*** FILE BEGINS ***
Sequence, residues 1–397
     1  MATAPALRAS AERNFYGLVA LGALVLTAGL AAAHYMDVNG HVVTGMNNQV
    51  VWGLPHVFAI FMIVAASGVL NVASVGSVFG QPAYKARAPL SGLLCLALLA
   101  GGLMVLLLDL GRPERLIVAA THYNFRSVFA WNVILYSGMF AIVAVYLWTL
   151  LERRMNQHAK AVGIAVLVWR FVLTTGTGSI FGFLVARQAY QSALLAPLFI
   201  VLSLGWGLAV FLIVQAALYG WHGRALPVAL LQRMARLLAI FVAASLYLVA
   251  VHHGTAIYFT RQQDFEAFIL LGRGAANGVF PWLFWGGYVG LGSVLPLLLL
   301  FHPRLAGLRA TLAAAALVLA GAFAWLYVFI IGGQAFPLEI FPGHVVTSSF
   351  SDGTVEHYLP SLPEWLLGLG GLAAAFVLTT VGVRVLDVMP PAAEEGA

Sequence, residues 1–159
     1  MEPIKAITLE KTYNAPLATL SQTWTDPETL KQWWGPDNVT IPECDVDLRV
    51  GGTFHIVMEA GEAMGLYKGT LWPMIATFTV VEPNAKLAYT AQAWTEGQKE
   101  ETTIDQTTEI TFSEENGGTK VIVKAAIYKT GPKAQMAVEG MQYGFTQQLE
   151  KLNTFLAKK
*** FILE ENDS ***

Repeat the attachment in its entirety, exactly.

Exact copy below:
Sequence, residues 1–397
     1  MATAPALRAS AERNFYGLVA LGALVLTAGL AAAHYMDVNG HVVTGMNNQV
    51  VWGLPHVFAI FMIVAASGVL NVASVGSVFG QPAYKARAPL SGLLCLALLA
   101  GGLMVLLLDL GRPERLIVAA THYNFRSVFA WNVILYSGMF AIVAVYLWTL
   151  LERRMNQHAK AVGIAVLVWR FVLTTGTGSI FGFLVARQAY QSALLAPLFI
   201  VLSLGWGLAV FLIVQAALYG WHGRALPVAL LQRMARLLAI FVAASLYLVA
   251  VHHGTAIYFT RQQDFEAFIL LGRGAANGVF PWLFWGGYVG LGSVLPLLLL
   301  FHPRLAGLRA TLAAAALVLA GAFAWLYVFI IGGQAFPLEI FPGHVVTSSF
   351  SDGTVEHYLP SLPEWLLGLG GLAAAFVLTT VGVRVLDVMP PAAEEGA

Sequence, residues 1–159
     1  MEPIKAITLE KTYNAPLATL SQTWTDPETL KQWWGPDNVT IPECDVDLRV
    51  GGTFHIVMEA GEAMGLYKGT LWPMIATFTV VEPNAKLAYT AQAWTEGQKE
   101  ETTIDQTTEI TFSEENGGTK VIVKAAIYKT GPKAQMAVEG MQYGFTQQLE
   151  KLNTFLAKK